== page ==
27. Meet Renzo & Lucia (Intermediate)

LearnItalianPod Renzo & Lucia, two of Jane’s friends, met and fell in love last summer in Rimini, a well-known seaside location. Now they’re planning to meet in Rome to spend a romantic weekend. Let’s review and practice how to describe people and actions, and how to use not-so-easy to grasp sentences like “si sono conosciuti” (they met each other) and “si sono innamorati” (they fell in love). Enjoy!

Intermediate Level – Lesson Nr. 27

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9 thoughts on “27. Meet Renzo & Lucia (Intermediate)”

  1. I was wondering why the romantic weekend referred to in this lesson is not “una fine settimana romantica” since settimana is a feminine noun according to my dictionary…

    Thanks for the podcasts

  2. “Fine settimana” comes from the English “week-end”, and it is considered a unique word of male gender. So Italians say “il fine settimana”, “buon fine settimana”, and so on. The female form “la fine settimana” is not wrong – it’s just used a lot less.

  3. You say that Renzo and Lucia met “quest’estate” and translated it as “last summer”. Shouldn’t that be “this summer”? Wouldn’t “last summer” be “estate scorsa”? Thanks.

  4. Thuvia, on the spoken Italian language, you’ll hear a lot “questa estate” referred to a summer that has JUST passed.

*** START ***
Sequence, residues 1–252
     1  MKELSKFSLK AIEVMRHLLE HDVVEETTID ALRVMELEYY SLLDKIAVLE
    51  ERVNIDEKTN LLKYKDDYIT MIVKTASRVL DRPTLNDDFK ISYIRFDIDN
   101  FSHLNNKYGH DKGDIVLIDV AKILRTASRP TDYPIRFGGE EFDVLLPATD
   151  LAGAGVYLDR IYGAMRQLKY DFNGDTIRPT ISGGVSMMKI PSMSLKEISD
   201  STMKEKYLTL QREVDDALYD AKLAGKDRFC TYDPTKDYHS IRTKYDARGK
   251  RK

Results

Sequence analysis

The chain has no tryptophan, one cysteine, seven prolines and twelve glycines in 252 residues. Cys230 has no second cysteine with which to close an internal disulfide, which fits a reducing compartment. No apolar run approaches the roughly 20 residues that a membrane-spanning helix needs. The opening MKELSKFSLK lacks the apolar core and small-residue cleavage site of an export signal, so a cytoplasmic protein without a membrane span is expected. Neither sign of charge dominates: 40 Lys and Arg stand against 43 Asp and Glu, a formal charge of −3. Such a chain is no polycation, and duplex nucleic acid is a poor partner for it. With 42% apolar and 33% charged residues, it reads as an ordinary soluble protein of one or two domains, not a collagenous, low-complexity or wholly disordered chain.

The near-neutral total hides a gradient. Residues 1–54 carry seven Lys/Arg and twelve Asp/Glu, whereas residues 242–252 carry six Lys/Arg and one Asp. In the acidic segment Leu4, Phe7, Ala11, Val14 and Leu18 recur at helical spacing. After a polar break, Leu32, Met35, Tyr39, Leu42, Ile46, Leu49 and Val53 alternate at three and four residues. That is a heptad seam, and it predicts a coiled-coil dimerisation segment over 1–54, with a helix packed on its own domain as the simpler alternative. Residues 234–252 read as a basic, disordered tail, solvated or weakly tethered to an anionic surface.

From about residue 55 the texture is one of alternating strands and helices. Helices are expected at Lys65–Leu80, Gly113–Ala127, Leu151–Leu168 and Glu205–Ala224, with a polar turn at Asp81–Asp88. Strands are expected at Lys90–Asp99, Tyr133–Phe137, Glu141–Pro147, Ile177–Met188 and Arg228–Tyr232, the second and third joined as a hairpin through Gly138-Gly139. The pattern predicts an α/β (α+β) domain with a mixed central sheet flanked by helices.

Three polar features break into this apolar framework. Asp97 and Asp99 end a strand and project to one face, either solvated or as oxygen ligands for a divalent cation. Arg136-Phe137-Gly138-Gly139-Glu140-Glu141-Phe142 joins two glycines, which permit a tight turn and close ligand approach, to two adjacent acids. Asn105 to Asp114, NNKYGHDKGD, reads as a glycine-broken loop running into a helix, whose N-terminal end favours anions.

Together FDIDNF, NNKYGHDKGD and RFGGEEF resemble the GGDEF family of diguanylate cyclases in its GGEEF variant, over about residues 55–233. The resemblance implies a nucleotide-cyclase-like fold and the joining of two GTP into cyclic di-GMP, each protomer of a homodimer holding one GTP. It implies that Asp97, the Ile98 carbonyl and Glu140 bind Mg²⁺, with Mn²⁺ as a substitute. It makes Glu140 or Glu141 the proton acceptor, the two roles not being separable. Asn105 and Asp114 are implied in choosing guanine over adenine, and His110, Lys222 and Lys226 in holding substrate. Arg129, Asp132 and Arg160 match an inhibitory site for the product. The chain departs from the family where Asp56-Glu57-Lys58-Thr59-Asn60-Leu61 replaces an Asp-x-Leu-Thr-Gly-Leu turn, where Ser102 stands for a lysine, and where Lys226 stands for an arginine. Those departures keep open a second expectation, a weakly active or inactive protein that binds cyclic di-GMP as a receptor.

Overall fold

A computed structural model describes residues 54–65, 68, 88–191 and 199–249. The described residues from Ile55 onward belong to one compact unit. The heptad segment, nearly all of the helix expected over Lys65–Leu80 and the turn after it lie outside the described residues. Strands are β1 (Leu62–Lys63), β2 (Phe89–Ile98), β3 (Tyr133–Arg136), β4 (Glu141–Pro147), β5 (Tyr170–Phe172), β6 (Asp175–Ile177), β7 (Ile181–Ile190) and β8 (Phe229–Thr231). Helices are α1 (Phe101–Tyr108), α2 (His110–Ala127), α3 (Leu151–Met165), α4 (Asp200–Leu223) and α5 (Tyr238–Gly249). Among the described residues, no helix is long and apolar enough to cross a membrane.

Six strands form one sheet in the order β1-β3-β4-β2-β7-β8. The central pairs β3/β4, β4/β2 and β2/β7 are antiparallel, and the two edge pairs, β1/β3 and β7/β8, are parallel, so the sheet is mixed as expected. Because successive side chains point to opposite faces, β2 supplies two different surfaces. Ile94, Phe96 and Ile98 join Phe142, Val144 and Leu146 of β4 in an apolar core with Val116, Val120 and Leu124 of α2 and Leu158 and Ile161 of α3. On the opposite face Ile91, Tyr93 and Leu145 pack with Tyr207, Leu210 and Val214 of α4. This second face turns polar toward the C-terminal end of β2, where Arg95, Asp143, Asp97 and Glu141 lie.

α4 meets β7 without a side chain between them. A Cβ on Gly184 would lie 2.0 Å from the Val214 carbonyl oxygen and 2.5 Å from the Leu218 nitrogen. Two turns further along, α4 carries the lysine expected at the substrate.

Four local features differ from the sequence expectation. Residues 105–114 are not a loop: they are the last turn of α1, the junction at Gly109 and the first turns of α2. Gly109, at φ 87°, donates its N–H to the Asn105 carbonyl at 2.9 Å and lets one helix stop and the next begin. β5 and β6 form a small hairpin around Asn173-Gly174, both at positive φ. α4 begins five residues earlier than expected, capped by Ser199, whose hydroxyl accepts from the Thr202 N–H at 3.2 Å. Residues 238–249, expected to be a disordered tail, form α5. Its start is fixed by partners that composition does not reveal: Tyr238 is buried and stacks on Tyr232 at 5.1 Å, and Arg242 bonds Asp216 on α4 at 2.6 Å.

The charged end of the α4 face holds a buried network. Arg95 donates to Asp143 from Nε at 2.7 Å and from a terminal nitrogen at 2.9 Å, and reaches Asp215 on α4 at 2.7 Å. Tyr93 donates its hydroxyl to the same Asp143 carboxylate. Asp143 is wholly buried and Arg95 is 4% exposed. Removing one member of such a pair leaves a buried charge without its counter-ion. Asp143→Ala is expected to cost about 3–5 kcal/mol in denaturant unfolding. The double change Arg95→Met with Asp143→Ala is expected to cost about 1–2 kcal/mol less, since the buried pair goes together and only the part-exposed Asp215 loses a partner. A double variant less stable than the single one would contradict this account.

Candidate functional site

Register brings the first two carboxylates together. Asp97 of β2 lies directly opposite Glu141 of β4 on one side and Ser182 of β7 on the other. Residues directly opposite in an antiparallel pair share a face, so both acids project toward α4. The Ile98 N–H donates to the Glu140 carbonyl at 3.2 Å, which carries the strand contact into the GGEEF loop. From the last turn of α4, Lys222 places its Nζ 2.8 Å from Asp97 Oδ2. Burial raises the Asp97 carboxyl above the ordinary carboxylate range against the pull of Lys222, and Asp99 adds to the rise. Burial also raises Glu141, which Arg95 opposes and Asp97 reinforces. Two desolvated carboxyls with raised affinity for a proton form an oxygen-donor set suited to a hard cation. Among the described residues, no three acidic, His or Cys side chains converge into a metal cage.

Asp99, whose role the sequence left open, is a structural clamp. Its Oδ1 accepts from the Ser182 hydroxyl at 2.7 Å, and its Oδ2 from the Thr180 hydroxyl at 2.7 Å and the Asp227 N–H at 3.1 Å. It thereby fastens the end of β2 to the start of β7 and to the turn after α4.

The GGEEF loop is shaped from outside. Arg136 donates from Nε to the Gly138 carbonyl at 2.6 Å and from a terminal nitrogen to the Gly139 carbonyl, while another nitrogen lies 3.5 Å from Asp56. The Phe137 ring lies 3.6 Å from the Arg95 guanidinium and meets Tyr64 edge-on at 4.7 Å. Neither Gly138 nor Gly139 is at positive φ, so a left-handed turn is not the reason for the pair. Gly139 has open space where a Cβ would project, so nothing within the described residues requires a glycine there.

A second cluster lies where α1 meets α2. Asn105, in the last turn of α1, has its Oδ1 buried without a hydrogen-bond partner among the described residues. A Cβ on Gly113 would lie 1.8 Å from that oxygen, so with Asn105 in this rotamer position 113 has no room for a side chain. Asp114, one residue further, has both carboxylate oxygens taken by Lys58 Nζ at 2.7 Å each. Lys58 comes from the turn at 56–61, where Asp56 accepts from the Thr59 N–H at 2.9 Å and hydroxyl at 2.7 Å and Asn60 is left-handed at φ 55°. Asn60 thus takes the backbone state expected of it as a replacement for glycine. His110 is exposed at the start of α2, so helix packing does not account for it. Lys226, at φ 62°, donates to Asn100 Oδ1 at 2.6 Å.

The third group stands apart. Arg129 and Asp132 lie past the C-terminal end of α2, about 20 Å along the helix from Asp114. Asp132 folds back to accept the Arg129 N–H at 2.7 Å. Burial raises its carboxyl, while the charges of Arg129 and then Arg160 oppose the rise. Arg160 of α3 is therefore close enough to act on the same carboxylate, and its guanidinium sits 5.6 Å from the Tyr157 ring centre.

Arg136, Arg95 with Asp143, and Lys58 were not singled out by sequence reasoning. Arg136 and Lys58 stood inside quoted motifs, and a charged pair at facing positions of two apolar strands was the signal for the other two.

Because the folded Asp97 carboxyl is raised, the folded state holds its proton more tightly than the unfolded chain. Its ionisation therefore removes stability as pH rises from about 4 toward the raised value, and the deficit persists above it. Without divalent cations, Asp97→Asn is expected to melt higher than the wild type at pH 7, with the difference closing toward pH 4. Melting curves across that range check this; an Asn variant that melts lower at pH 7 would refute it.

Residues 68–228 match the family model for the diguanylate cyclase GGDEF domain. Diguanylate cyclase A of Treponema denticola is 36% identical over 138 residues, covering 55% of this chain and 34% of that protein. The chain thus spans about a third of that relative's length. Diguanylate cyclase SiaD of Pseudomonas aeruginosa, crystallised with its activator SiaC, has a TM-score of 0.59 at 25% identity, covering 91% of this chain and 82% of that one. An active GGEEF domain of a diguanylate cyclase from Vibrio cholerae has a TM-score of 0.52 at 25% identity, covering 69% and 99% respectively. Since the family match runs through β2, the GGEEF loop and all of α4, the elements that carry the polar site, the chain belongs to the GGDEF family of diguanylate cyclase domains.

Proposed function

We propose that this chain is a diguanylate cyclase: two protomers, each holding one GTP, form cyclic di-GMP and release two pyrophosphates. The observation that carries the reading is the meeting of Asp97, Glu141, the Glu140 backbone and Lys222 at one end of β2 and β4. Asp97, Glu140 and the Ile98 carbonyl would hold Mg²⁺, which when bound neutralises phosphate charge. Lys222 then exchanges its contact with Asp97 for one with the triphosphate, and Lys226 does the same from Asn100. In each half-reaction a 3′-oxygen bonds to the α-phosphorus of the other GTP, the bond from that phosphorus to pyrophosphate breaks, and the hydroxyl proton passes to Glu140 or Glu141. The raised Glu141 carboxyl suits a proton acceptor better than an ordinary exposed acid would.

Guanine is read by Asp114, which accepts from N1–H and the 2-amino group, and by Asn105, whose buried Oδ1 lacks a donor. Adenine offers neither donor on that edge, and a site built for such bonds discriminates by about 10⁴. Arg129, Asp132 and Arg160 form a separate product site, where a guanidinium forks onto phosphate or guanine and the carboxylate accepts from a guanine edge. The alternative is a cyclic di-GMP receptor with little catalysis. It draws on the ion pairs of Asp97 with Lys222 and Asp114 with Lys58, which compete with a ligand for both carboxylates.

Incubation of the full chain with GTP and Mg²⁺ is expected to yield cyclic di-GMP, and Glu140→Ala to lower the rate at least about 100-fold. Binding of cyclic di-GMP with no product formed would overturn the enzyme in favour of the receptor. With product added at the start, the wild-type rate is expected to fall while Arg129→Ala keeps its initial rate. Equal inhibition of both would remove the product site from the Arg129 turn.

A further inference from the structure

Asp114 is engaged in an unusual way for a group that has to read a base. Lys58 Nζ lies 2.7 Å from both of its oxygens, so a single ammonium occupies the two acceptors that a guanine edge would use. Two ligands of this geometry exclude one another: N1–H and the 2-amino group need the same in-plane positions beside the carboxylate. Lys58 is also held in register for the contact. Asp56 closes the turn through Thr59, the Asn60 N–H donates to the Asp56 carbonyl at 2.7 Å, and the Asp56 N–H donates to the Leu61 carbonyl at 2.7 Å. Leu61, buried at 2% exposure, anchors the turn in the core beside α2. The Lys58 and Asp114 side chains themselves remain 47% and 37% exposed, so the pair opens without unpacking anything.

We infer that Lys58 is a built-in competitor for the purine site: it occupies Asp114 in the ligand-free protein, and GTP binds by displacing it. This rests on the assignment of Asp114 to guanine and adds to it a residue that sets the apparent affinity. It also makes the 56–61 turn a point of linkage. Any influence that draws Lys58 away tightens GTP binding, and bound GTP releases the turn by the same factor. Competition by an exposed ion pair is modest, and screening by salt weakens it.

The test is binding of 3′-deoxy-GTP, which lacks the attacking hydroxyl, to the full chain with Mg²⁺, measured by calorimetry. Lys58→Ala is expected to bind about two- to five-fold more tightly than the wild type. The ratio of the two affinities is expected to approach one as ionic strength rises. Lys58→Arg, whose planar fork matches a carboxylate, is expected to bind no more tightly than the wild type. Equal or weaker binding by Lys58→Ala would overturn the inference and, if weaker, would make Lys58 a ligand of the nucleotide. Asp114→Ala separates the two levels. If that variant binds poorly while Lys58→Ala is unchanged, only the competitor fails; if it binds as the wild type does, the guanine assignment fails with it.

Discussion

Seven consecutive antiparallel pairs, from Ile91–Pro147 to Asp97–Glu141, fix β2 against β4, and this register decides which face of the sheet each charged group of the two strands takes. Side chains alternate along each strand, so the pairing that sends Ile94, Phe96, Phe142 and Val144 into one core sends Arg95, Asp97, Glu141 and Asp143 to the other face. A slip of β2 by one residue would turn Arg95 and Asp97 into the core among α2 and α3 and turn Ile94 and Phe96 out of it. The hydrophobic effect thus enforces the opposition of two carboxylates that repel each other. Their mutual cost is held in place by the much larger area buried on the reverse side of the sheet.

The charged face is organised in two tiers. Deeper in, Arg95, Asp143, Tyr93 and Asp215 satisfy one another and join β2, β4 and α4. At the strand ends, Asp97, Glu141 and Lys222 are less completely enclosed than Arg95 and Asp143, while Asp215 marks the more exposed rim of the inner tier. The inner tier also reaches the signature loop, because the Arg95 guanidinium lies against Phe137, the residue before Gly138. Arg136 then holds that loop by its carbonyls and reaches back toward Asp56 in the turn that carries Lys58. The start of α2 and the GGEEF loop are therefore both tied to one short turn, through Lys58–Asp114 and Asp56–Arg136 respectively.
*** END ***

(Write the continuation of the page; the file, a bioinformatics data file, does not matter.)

For example:
    “Mi ha fatto piacere vederti alla spiaggia questa estate!” – “It was nice to see you at the beach (this) LAST summer”.

    Please note that the sentence uses the past tense and refers to something that happened in the past – the summer has just passed (few days, or few weeks).

    If you say “scorsa estate”, or “estate scorsa”, the meaning is the same, but you imply that a longer time has passed since the summer.

  5. Thanks for the explanation. After framing the question, it occurred to me that probably was the reason, but went ahead anyway for confirmation. Now, of course, I’m wondering why it’s questa estate and not quest’ estate.

  6. i never understood the question, we use that same frase in english. I think Thuvia is thinking in english while speaking in Italian, wrong!!

  7. When I stop thinking in English when trying to speak Italian the champagne corks will go flying.

    By the way, it’s spelled phrase.

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